Engine in service at MTU Zhuhai, China facility.
The year 2018 will go down as the year when aircraft engines were in the headlines for all the wrong reasons. New aircraft sat on tarmacs waiting for engines, operating aircraft were grounded, services cancelled, and billions of dollars lost through poor reliability and flawed design issues. Michael Doran examines the issues.
The boom in aircraft orders meant that despite all this operational turmoil, engine OEMs continued to fill their order books and by the end of 2018 have appeared to have weathered the worst of the storms, ready to face 2019 with a renewed sense of optimism.
The big engine development for 2019 will be the first flight of the Boeing 777X, utilising the new General Electric GE9X engine. The first engines have been delivered to Boeing with flight testing and certification scheduled for 2019, followed by entry into service in 2020.
Heading up the programme for General Electric is Ted Ingling, general manager for the GE9X programme, who spoke with Asian Aviation on what has been achieved and what the key milestones for the 9X are in 2019.
“We have our second phase of flight testing going on and we have confirmed our assessment of performance and it’s in a very good place,” he said. “We are really happy with the performance of the engine. Starting with the GEnx, going through the LEAP, and culminating with the 9X has really honed our development process. We learned a lot about things we would like to improve on and the 9X has been a huge beneficiary of re-thinking the process of how we develop new technology and apply it to the engine.
“We did that on the premise that you will have less disruption when you bring the technology to the engine as an assembly, proceed to certification and then make improvement so you go into service with a matured product,” he added. “We are not so bold as to say this approach fixes all issues, but it certainly is an approach that we believe helps to find a lot of the issues that can enter into a new product. So we are focussed on getting the performance, emissions and all of the specs where they are supposed to be and doing it all in a path to line up as we go into service.”
In 2019 the major focus will be on finishing the certification and compliance issues while supporting Boeing in its flight-testing programme. At the same time production of the engine is scheduled to begin at the US factory in Durham, North Carolina, where the eight development engines were built.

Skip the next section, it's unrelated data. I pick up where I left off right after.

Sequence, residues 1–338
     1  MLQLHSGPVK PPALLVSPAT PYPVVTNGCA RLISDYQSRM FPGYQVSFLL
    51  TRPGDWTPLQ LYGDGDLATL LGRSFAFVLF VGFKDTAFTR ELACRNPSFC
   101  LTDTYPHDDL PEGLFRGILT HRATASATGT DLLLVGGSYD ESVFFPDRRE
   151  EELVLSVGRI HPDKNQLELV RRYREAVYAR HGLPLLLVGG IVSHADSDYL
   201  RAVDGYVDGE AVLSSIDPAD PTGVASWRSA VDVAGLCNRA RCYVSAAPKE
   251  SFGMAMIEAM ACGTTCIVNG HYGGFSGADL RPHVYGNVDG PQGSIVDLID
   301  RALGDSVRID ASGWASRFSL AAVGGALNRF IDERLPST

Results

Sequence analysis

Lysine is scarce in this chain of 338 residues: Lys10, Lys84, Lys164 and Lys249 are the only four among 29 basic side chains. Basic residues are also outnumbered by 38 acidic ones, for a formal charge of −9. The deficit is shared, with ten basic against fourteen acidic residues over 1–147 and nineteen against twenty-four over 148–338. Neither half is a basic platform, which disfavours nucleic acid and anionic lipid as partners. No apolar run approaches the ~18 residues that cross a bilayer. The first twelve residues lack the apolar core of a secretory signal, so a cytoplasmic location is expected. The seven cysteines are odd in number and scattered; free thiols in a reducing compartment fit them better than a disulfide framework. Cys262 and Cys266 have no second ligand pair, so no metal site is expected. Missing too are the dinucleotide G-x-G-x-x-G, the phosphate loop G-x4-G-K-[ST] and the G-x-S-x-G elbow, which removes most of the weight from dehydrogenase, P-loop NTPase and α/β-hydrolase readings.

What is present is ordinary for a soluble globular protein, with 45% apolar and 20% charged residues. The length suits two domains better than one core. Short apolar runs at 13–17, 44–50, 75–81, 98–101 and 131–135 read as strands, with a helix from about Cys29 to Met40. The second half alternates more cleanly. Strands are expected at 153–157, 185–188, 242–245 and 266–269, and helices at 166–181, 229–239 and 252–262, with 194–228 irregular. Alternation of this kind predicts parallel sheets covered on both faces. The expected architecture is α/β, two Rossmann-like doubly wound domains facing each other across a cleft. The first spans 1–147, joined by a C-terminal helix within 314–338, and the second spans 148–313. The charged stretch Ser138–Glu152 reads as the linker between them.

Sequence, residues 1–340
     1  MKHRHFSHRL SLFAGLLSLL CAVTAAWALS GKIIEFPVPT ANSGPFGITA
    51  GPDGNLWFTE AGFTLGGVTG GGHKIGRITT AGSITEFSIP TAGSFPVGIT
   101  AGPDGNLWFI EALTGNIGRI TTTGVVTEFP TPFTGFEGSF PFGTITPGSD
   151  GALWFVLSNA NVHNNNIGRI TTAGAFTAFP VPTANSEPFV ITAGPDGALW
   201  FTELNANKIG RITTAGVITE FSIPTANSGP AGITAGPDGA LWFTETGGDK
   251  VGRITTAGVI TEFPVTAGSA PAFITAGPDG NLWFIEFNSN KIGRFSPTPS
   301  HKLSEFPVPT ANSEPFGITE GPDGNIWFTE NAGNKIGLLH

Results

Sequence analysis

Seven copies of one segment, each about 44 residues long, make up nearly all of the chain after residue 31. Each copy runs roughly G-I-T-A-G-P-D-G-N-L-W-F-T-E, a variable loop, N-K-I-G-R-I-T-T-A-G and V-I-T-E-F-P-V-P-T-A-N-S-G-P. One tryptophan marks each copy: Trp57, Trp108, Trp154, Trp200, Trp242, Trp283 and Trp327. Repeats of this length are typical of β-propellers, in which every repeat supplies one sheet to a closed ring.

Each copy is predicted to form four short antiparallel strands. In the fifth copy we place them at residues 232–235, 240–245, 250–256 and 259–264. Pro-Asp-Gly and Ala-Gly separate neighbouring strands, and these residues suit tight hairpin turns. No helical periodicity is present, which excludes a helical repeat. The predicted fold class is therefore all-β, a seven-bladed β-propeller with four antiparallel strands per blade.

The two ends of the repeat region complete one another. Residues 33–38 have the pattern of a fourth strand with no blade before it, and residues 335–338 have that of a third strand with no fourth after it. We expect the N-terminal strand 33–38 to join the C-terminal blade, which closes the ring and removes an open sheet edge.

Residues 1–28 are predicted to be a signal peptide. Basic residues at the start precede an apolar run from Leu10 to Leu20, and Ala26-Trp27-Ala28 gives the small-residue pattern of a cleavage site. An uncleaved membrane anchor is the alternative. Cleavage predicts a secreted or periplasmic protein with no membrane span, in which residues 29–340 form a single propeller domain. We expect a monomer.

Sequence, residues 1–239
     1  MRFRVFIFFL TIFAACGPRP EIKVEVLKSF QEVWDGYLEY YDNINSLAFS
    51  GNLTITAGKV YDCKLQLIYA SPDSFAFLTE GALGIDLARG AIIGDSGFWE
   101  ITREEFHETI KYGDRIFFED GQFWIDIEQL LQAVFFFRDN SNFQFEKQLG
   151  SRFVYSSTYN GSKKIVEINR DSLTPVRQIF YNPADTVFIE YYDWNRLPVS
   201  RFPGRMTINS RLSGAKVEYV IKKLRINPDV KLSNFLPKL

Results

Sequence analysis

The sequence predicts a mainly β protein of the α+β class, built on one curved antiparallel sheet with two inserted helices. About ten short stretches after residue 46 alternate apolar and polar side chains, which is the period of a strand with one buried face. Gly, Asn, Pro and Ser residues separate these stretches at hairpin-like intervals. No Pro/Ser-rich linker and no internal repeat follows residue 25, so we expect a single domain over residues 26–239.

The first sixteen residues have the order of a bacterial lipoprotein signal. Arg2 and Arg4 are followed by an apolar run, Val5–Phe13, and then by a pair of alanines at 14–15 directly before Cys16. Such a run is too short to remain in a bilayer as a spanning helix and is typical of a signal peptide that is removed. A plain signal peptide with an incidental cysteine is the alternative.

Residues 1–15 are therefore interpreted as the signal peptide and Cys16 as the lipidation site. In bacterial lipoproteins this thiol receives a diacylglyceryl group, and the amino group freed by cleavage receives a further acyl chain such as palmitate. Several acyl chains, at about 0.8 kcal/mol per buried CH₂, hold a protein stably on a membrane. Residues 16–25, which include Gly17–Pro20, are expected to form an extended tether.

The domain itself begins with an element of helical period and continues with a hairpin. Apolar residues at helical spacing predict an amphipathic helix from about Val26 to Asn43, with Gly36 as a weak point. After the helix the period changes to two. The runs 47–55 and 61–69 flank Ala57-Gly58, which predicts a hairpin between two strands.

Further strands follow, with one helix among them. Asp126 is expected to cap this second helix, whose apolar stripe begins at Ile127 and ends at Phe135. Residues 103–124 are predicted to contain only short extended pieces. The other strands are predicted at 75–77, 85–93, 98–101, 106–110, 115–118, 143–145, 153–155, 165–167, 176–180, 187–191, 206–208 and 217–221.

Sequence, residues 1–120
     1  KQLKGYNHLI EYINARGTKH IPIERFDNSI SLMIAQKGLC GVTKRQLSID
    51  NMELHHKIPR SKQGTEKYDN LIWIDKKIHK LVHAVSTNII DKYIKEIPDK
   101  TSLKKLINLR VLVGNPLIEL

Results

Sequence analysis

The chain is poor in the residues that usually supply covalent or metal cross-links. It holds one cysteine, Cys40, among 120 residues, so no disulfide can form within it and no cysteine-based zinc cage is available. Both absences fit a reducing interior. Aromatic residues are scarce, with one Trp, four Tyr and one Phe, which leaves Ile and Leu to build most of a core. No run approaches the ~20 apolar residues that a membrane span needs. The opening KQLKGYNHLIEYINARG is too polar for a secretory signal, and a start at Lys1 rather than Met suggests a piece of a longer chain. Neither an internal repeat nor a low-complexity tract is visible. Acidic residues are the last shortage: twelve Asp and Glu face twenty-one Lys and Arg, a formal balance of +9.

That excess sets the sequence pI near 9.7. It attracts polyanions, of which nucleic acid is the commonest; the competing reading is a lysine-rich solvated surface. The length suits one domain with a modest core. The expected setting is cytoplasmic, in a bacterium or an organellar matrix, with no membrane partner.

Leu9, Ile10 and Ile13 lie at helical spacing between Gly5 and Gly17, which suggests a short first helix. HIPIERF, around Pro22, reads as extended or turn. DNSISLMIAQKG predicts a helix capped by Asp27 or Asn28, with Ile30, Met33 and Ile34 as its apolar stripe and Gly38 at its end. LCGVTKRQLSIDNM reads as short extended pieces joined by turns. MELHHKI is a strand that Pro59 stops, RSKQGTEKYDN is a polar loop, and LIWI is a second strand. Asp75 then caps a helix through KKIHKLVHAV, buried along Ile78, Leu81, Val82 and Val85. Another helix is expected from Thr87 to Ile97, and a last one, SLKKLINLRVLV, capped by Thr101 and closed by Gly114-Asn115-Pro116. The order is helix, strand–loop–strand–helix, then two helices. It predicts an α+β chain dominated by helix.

“These engines are going together very well and the amount of effort we spent in the early days on tooling design and integrating the assembly team into the upfront dialogue has really paid off,” Ingling said. “The engine is assembling like it’s a mature product and we will start building engines to a production plan Boeing already has given us. Finished engines will start flowing out in the second half of 2019. We have had many learnings along the way and the good thing that came out of all this activity is the performance of the engine, the consistency, that comes from every engine in our compliance and development programme and the levels of performance delivering both on the ground and then confirmed in the air.”
Asked about the issues his competitors faced in reliability in 2018, Ingling preferred to focus on what GE has done to ensure a smooth entry into service for the 9X. “That’s a tough one to answer. I can tell you that if I just look internally, and that’s the only place I can provide insight into, we’re constantly learning and trying to improve our products,” he said. “And we provided a tremendous emphasis on this maturation and readiness piece of the process on the 9X and I think it shows in the performance we are getting. But it takes discipline to apply those learnings and make sure you have eradicated things that prior programmes came across throughout the 30 years or so of service life they have been out there.”
In 2018 Rolls-Royce introduced two new engines, the Trent 7000 and the XWB, but the company continues to reel from the disastrous problems associated with the Trent 900 and 1000 engines. In its 2018 half-year results, Rolls-Royce advised the cost of these issues in 2018 will be £450 million, £450 million in 2019 and estimate £350 million in 2020. The company reported the cost in 2017 at £119million which means the total cost of the Trent issues are estimated by Rolls-Royce to be around £1.37 billion or US$1.74 billion.
At the same time, it unfurled a plan to cut 4,600 jobs at a cost of £500 million over three years. The company said that none of these job losses are linked to the ongoing Trent 1000 issues and that all technical changes are expected to be fully embodied into the Trent 900 and 1000 fleets by the 2022.
In October 2018 it emerged that deliveries of the Trent 7000, used exclusively to power the new A330neo, had fallen behind schedule and would impact on Airbus deliveries into 2019.
In a statement at the time, Rolls-Royce said “while the production ramp-up issues in the fourth quarter are regrettable, such issues in the early stages of a new engine programme are not uncommon in our industry. As we move into 2019, we are confident that Trent 7000 production and delivery volumes will increase significantly to meet our customer commitments.”
In December 2018 the current engine of choice for the A330, the Trent 700, celebrated its 2,000th delivery. Since 1995 the engine has completed more than 50 million flying hours, carried more than 3 billion people on 12 million flights with 88 different operators.
The Trent XWB provided the power for a Singapore Airlines A350-900 ULR to fly between Singapore and New York, the world’s longest commercial flight. The flight covered more than 16,600 kilometres in just under 18 hours, no doubt catching the attention of another long-haul carrier, Qantas, who aims to launch Sydney to New York non-stop.